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Video Of Beauty Queens Talking Violence Against Women Mid-Pageant Is Inspiring AF

A very powerful thing happened during the Miss Peru beauty pageant on Oct. 29. The ceremony bucked the tradition of having each woman state their measurements, and instead allowed every single contestant to deliver an important, public service message. And the video of beauty queens talking about violence against women in Peru was all kinds of inspiring, and I'm currently sending so, so many snaps to those contestants.

For those of you unfamiliar with the whole pageant process, contestants will sometimes be asked to step forward and state their bust, waist, and hip measurements. Only this time, these beauty queens were broadcasting some very different — and far, far more serious — facts and figures (h/t to Buzzfeed for the translations).

The women discussed sexual violence and harassment in Peru, and the stats are completely staggering.

Here's just a few of them:

My name is Camila Canicoba and I represent the department of Lima. My measurements are 2,202 cases of femicide reported in the last nine years in my country.
My name is Juana Acevedo and my measurements are: more than 70% of women in our country are victims of street harassment.
My name is Romina Lozano and I represent the constitutional province of Callao, and my measurements are 3,114 women victims of trafficking up until 2014.
My name is Bélgica Guerra and I represent Chincha. My measurements are the 65% of university women which are assaulted by their partners.

You can watch the statistics (in Spanish) beginning at about the 3:40 mark in the below video.

Mi Canal Peru on YouTube

Jessica Newton, the pageant’s organizer, told Buzzfeed News that the 2018 Miss Peru competition was designed specifically around addressing gender violence.

“Everyone who does not denounce and everyone who does not do something to stop this is an accomplice,” Newton explained.

Between 2009 and 2015, more than 700 women were killed in Peru as the result of femicide, a term used to describe domestic violence and sex-based crimes, according to Human Rights Watch. In 2017, reports of gender violence leaped 26% between January and April, per Tele Sur.

The Miss Peru pageant screened images of women who had been killed or assaulted in Peru, and the closing Q&A of the night asked each beauty queen how they would change or strengthen laws to protect women.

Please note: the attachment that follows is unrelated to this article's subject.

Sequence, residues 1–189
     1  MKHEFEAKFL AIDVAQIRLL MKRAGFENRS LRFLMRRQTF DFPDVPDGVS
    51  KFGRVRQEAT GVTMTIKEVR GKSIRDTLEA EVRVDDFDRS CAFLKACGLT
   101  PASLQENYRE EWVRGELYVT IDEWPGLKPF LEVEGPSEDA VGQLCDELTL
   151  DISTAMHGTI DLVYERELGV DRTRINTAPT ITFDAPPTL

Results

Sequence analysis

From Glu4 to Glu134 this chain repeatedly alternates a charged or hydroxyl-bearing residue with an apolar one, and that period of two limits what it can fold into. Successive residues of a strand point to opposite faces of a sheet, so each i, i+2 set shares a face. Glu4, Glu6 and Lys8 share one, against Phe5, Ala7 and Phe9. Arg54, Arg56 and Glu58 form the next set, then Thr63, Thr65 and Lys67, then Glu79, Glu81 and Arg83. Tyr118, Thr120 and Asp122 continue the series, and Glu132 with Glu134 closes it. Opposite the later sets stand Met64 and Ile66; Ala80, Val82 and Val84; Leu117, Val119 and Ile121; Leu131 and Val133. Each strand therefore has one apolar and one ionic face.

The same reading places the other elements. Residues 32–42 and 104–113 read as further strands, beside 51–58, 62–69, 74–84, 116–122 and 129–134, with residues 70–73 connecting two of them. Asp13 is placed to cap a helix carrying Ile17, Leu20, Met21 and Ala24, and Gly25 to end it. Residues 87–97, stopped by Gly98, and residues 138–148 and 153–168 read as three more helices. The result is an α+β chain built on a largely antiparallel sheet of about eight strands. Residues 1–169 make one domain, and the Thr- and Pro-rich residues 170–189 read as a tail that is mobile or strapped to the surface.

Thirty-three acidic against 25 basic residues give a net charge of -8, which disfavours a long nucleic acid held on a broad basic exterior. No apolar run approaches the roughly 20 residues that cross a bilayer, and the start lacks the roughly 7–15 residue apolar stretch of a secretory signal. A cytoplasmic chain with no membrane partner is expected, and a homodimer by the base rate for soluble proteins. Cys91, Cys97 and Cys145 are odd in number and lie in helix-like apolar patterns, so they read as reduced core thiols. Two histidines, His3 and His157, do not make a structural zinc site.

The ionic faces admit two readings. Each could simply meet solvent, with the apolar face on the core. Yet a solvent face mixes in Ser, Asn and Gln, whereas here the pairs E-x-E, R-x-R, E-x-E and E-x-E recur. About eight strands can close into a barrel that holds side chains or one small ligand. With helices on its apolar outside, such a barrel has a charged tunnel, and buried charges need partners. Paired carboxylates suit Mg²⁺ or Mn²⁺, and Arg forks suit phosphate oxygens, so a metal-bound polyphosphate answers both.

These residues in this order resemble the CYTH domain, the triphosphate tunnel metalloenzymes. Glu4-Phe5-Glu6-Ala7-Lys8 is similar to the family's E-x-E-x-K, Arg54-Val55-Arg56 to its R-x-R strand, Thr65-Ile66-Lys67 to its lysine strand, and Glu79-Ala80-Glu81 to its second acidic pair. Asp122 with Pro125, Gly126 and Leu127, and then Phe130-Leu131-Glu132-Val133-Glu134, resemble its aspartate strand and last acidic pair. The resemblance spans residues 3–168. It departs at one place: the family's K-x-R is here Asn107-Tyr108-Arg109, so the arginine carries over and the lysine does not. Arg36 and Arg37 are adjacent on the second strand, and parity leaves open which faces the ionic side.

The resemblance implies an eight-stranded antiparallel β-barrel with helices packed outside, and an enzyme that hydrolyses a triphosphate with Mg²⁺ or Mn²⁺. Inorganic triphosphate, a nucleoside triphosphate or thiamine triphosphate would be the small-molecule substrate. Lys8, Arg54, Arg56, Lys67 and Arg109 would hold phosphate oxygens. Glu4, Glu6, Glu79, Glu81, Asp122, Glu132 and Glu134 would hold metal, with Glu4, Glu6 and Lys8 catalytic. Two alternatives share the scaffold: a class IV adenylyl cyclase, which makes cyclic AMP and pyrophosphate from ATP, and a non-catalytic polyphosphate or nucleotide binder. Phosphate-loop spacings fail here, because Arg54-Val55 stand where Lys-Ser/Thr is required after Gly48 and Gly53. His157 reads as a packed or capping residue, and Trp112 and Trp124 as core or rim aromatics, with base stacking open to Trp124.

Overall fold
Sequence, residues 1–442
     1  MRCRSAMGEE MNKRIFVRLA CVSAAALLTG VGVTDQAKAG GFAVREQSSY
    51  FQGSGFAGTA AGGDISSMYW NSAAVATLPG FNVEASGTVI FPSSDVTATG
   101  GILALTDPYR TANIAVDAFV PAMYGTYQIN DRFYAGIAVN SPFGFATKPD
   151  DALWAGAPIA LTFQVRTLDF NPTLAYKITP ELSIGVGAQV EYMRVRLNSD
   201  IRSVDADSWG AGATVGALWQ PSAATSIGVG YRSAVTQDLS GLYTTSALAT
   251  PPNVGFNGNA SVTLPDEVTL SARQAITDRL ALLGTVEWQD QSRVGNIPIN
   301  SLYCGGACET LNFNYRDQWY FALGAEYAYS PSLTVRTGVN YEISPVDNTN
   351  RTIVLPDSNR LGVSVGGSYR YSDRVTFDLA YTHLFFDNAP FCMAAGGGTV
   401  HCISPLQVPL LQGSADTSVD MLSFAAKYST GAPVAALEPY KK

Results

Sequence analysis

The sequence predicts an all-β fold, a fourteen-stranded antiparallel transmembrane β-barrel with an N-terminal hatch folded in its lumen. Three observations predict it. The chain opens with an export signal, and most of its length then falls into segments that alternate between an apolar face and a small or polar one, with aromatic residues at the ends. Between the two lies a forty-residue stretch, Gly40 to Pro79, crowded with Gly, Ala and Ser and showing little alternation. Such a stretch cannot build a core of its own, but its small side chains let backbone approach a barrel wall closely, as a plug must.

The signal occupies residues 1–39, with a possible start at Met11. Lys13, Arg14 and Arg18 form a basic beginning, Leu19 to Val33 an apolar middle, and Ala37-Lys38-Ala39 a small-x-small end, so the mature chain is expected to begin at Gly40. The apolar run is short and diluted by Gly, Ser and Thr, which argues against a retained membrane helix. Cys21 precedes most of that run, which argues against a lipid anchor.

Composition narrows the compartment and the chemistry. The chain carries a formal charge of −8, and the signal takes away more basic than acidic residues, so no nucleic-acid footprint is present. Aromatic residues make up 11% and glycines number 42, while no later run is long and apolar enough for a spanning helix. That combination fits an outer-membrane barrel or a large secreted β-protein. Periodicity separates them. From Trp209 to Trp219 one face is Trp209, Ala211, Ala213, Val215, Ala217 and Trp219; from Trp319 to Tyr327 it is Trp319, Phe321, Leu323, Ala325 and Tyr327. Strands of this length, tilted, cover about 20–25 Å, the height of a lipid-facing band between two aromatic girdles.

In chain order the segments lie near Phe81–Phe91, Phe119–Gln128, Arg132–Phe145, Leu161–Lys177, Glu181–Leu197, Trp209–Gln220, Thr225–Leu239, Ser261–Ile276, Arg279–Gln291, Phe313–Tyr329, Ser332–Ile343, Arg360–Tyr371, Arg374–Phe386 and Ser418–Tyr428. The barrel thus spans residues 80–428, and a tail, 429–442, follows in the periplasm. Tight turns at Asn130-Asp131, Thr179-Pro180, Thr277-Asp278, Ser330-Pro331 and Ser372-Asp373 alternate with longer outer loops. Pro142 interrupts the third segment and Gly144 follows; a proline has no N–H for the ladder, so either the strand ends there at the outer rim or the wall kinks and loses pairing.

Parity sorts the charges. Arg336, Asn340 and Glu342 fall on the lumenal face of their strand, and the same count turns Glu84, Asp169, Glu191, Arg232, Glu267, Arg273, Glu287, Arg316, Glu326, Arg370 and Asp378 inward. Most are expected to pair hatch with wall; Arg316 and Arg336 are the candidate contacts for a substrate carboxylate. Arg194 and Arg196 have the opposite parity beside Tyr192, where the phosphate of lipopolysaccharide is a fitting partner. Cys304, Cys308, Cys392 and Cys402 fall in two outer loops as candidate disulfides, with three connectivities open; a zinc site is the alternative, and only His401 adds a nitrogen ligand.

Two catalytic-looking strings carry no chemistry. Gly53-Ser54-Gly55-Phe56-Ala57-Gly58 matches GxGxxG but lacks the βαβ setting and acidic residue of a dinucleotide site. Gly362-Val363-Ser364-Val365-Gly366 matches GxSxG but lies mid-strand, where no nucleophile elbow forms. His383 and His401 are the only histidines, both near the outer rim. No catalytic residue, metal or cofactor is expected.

The Leslie Shaw song "Always Stronger," written about domestic violence, played as the finalists walked for the bikini portion of the evening.

This isn't the first time that Peruvians have stood up against this trend of violence.

In Aug. 2016, more than 50,000 women's rights activists took to the streets of Lima to protest the country's problem with femicide, sexual harassment, and assault, The Guardian reported.

“This march is a cry against impunity, it’s a cry for equality and for the decent treatment of women,” Ana María Romero, Peru’s minister for women, told The Guardian. “It will be a milestone, it will mark a before and after. There’s more citizen awareness about women’s rights.”

Romero noted that, as of 2016, an average of 10 women are murdered every month in Peru. She said,

Our problem is not a lack of legislation, it is how we apply the law. Those in charge of justice need more sensitivity and a better understanding of the rights of the women.
It’s fundamental to eradicate the macho and homophobic culture in this country. Heading towards the bicentenary of our independence we still objectify women or naturalise violent conduct against her. That belongs in a primitive era and has no place in the 21st century.

The protest followed a string of 2016 sister marches in Mexico, Brazil, Bolivia, Columbia, and Argentina called #NiUnaMenos (Not One Less). Their slogan was “Ni una mujer menos, ni una muerte más (Not one woman less, not one more death)."

These marches sparked some important conversations.

Victoria, a participant in the Argentinian protest, told North American Congress on Latin America,

Many friends told me about family discussions about the protest when surprised fathers heard for the first time that their daughters had been groped when they were younger, or that men in the street had exposed themselves to them.

Another participant added, “I was surprised by many men who expressed their concern about these issues from I think a feminist perspective.”

Here's hoping that all of these incredible, brave moments of activism start to spark some crucial change, and not just in Latin America.